Cailly Howell ’12

Major: Public Policy Analysis, concentrating in Chemistry

Profession: Pediatric Resident Physician, Western Michigan University Homer Stryker M.D. School of Medicine, Kalamazoo, Mich.

Hometown: Middleville, Mich.

What are you doing now?

I am a resident physician at Western Michigan University Homer Stryker M.D. School of Medicine in the Department of Pediatric and Adolescent Medicine.

I am involved with several advocacy projects relating to the intersection of healthcare and education, specifically targeting literacy in the community. I initiated a project within the inpatient unit at Bronson Children’s Hospital so that patients receive a book at admission and will have access to other academic support during their hospital stay.

Along the same lines, I created another program at Western’s outpatient clinic called “Healthy Kids Read,” which provides books to all children 6-18 years of age at their annual checkups. I developed the program with the assistance of faculty in the Pediatrics Clinic and medical students from Western’s School of Medicine.

In addition, I’ve published two peer-reviewed articles in conjunction with Western Michigan University School of Medicine faculty during this past year, the first on an atypical organism causing a febrile urinary tract infection and the second on sports participation recommendations for patients with a bleeding disorder.

How did you get there?

After graduating from Pomona in 2012, I continued my education at Ross University School of Medicine on the island of Dominica and then completed my clinical clerkships in Chicago.

I learned so much living in Dominica. I didn’t always have running water or the grocery store wouldn’t stock some things if they didn’t come in on the boat that week! Small annoyances – a short power outage, traffic jams, spilling coffee on my shirt – don’t bother me so much anymore. I am a more resilient person because of that experience.

I studied healthcare policy and history in my free time during medical school. I looked up the reading lists for graduate public health programs and read all the titles. This has fueled and supported my interest in pursuing a career in which advocacy and policy review are major features.

How did Pomona prepare you?

I received a tremendous education in Public Policy Analysis during my time at Pomona.

A couple of highlights:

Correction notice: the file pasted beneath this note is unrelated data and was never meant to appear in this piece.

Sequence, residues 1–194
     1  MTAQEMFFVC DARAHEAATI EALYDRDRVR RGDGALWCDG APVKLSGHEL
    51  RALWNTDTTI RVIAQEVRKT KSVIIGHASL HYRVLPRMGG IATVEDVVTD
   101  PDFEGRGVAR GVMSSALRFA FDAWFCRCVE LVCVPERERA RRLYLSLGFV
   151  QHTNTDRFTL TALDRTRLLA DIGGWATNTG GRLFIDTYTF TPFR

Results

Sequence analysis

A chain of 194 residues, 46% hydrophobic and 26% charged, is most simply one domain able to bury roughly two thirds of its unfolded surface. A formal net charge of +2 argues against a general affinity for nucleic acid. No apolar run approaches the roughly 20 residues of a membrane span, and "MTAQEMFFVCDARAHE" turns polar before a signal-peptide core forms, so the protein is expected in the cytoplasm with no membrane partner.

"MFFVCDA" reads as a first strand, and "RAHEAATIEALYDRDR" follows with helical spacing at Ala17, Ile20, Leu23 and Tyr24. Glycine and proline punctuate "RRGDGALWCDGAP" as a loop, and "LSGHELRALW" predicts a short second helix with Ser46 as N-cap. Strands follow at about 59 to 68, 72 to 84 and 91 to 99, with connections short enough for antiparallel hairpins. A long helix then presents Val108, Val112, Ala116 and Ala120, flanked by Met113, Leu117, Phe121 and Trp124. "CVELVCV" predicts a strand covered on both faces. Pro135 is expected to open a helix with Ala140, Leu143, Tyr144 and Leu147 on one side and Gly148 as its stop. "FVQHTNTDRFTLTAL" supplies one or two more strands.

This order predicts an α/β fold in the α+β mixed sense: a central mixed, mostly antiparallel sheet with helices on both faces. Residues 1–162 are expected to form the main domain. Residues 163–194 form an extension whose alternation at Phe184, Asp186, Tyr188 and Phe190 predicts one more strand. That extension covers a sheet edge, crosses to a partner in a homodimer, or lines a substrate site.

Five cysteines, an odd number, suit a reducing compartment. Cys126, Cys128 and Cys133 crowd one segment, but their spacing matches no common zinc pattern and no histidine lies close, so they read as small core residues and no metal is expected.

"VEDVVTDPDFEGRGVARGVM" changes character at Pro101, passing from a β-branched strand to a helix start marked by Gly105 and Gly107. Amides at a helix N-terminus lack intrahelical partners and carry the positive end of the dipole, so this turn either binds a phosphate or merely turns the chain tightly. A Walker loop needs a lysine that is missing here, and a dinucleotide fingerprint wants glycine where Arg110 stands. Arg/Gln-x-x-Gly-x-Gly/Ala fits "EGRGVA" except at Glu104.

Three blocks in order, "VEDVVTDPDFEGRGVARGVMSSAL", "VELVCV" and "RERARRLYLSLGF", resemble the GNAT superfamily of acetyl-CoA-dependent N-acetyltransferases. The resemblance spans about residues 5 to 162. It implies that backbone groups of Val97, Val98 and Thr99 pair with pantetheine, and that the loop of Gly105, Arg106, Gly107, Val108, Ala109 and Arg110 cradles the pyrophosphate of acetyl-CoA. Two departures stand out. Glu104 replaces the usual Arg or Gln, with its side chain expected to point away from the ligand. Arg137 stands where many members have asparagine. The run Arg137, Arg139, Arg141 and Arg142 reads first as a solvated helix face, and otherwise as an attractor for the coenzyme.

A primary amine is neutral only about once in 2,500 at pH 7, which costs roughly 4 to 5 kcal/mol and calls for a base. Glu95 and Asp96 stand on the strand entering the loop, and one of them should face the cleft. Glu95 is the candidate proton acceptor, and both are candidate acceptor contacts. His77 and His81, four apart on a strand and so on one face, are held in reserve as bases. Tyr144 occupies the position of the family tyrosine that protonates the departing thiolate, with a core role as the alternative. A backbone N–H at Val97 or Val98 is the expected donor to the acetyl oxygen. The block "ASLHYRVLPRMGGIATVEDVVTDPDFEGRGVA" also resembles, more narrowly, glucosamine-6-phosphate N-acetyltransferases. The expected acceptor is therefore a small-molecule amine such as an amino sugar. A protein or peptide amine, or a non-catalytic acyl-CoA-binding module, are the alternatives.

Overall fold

• Professor Lorn Foster’s American History class. No class has prepared me better to discuss the history of politics in this country or given me broader understanding of major political issues in this country and their long-felt consequences.
  • Professor David Menefee-Libey’s Policy Implementation and Evaluation class. I simply couldn’t have developed a program and successfully implemented it without the tools I learned in this course.
  • Daniel Gluckstein, a physician I worked with for my senior internship and thesis work. Little did I know, this would become the work that I would build my life upon. It was invaluable experience to work on this project and complete thesis work on immunization protocols in California.
  • Associate Director of Public Policy Analysis Hilary LaConte is the greatest mentor a person could have. There were times when I felt so lost or so frustrated and going to her office to discuss my plans or thoughts was so helpful. Even when I felt I had been defeated, she could turn that into a victory I just hadn’t realized yet. Many of the other students and I would joke that going to her or Prof. Menefee-Libey’s office was for a therapy session; the advice and support we received was certainly not a joke.

My academic background in chemistry and the other pre-medical requirements were also instrumental in preparing me for my future ahead.

Pomona also taught me a lot about advocacy and speaking up for issues that you are passionate about. At any time, there is a group of students on that campus dreaming or organizing about making someone’s experience a little bit better, about having a little more opportunity. That vision was supported during my time at Pomona and I continue to pursue those dreams.

I often think about the gates too – “Let only the thoughtful, eager, and reverent enter here.” When I was just beginning, President Oxtoby said something to the effect of: “Well, maybe a little bit of irreverence.” I learned and continue to believe that a little irreverence is a good thing.

I also met many of my best friends in the PPA department and outside of it and in the other Claremont Colleges. I continue to be close with many of these individuals and they too continue to shape who I am today.

Advice for prospective and current students

Study hard and take advantage of the opportunities around you. Being in an academic environment, while sometimes constraining, is a fantastic luxury you will miss as you move further into your future. I know it’s hard to appreciate now.

Advocate for yourself. If you aren’t getting the attention or help that you need to succeed or to find your way, ask for it. If the first person you ask can’t help you, go to the next.

If people tell you that you can’t do something, don’t take it to heart. I was told in my first semester of medical school that I would have difficulty making it through school; after that semester (with some seriously hard work) my grades improved substantially, I passed my licensing exams on the first attempt, and was recently recognized as an outstanding intern. Listen to the many, many people in your life who tell you that you can do it.